Both adaptation and mitigation can help to reduce the risks of climate change to nature and society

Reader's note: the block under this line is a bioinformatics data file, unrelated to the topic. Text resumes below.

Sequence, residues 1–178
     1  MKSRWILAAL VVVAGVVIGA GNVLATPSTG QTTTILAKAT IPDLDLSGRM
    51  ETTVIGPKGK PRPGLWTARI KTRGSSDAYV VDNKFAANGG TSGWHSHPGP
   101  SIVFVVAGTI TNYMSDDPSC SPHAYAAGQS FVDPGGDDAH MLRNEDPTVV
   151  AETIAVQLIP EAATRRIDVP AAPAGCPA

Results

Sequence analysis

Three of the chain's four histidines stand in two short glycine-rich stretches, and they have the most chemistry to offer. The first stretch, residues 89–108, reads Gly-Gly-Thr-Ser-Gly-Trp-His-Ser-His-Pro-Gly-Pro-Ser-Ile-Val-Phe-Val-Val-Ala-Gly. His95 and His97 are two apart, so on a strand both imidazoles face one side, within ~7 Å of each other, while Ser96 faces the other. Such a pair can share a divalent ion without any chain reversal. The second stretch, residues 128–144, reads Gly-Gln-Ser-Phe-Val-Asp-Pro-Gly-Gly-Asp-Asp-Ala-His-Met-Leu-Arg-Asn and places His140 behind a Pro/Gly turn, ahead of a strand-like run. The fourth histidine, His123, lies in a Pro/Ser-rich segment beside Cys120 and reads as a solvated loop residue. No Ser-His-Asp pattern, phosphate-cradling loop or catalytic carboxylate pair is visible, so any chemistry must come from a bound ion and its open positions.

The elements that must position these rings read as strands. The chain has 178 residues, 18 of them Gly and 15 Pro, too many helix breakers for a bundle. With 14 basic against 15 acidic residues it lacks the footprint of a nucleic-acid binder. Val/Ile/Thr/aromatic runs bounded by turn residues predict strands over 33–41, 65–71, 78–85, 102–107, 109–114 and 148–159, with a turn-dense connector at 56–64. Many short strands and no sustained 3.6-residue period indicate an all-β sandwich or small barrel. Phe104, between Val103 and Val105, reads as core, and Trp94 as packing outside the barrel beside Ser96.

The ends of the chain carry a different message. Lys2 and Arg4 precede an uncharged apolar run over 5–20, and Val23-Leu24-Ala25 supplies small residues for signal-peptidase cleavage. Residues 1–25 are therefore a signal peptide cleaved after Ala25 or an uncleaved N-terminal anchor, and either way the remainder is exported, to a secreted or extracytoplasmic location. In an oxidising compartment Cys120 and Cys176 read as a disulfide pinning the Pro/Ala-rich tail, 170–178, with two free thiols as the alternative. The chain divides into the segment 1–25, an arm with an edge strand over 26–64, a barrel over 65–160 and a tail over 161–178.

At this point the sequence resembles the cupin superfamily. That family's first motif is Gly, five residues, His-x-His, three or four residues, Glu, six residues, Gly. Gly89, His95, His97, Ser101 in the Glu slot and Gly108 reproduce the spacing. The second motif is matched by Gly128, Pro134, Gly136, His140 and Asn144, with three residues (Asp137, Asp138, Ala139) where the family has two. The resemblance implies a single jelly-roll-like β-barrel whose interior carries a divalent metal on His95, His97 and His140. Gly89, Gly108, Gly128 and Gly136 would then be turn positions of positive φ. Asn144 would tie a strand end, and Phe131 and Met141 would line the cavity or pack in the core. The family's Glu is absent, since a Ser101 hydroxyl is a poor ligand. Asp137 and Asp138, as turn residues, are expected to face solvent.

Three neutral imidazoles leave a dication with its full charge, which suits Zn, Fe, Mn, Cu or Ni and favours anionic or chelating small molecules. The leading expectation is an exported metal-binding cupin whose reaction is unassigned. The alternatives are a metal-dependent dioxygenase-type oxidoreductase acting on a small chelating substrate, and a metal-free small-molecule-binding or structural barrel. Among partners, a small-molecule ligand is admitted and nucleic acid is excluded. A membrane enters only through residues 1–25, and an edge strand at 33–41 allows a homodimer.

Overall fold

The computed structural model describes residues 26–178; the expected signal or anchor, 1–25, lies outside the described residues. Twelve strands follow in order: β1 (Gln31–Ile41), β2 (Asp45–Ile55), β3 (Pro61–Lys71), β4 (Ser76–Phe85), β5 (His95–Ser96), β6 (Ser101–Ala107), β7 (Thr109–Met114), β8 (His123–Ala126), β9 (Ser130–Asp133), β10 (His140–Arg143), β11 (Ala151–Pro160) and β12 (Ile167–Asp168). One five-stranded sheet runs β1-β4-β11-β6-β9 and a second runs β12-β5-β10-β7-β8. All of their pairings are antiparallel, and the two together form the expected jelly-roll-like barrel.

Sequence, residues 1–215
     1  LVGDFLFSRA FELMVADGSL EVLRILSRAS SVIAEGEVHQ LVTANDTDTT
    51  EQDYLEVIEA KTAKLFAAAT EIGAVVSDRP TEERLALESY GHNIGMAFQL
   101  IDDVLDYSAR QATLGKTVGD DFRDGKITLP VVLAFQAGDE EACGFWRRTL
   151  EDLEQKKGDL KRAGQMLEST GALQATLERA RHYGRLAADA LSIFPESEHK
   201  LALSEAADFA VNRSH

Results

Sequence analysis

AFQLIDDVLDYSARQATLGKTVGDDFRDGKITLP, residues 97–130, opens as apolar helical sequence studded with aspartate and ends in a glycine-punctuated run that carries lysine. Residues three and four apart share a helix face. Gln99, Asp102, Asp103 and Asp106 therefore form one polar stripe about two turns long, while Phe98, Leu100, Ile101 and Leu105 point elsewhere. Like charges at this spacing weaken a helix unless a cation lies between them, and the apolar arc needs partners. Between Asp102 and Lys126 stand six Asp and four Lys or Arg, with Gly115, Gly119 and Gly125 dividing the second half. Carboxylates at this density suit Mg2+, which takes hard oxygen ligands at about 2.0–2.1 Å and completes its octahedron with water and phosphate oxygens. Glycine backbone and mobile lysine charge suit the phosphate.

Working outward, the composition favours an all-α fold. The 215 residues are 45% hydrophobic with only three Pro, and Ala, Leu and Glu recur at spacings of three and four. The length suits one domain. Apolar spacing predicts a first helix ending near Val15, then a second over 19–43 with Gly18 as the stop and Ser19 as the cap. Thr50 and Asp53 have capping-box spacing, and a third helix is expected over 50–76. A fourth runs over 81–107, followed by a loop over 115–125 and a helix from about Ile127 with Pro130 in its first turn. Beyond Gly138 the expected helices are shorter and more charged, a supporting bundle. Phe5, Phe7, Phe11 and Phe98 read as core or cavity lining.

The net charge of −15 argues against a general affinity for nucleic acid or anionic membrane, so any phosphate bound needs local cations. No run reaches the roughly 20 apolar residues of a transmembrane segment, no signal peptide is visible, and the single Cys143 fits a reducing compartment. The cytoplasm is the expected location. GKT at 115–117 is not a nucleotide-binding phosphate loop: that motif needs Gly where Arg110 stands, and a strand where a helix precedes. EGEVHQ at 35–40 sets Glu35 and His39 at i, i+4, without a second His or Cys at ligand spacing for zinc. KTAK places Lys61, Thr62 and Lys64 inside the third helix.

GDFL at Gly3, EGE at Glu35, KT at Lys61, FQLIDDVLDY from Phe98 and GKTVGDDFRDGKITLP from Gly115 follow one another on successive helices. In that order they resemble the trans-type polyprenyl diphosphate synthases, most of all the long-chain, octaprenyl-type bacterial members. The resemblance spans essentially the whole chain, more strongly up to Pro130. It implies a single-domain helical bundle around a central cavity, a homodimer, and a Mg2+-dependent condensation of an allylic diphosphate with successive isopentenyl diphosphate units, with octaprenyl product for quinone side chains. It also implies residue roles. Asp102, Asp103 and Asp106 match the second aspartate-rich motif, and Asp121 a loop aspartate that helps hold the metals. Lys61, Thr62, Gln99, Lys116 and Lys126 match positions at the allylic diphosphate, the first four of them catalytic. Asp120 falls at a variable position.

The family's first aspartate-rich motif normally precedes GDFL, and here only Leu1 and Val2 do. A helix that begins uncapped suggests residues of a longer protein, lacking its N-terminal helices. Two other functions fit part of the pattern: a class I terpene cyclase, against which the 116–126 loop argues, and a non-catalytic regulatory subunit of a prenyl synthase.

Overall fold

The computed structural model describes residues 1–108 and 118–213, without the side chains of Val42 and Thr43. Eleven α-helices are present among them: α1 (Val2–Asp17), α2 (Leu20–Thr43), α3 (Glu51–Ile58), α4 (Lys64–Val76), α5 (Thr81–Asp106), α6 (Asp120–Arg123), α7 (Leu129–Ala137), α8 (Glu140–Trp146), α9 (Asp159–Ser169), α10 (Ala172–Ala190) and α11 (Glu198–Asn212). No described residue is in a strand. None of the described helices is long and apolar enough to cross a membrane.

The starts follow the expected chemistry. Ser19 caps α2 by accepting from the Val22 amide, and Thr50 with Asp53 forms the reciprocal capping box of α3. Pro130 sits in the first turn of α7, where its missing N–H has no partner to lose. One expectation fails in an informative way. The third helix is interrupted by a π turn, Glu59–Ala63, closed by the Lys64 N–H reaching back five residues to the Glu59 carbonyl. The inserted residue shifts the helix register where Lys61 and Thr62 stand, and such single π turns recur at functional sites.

However, their effects vary over time and place. Mitigation will have global benefits but, owing to the lag times in the climate and biophysical systems, these will hardly be noticeable until around the middle of the 21st century [WGI AR4 SPM]. The benefits of adaptation are largely local to regional in scale but they can be immediate, especially if they also address vulnerabilities to current climate conditions [18.1.1, 18.5.2]. Given these differences between adaptation and mitigation, climate policy is not about making a choice between adapting to and mitigating climate change. If key vulnerabilities to climate change are to be addressed, adaptation is necessary because even the most stringent mitigation efforts cannot avoid further climate change in the next few decades. Mitigation is necessary because reliance on adaptation alone could eventually lead to a magnitude of climate change to which effective adaptation is possible only at very high social, environmental and economic costs [18.4,18.6].

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